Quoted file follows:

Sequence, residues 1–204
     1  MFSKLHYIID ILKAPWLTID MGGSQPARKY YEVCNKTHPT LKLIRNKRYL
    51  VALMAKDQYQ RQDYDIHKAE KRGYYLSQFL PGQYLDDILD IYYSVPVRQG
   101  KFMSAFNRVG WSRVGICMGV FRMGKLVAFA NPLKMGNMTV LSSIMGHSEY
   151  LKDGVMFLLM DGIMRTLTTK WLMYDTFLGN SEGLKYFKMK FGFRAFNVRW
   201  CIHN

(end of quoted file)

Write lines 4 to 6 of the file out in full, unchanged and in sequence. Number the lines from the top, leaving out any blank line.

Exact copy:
   101  KFMSAFNRVG WSRVGICMGV FRMGKLVAFA NPLKMGNMTV LSSIMGHSEY
   151  LKDGVMFLLM DGIMRTLTTK WLMYDTFLGN SEGLKYFKMK FGFRAFNVRW
   201  CIHN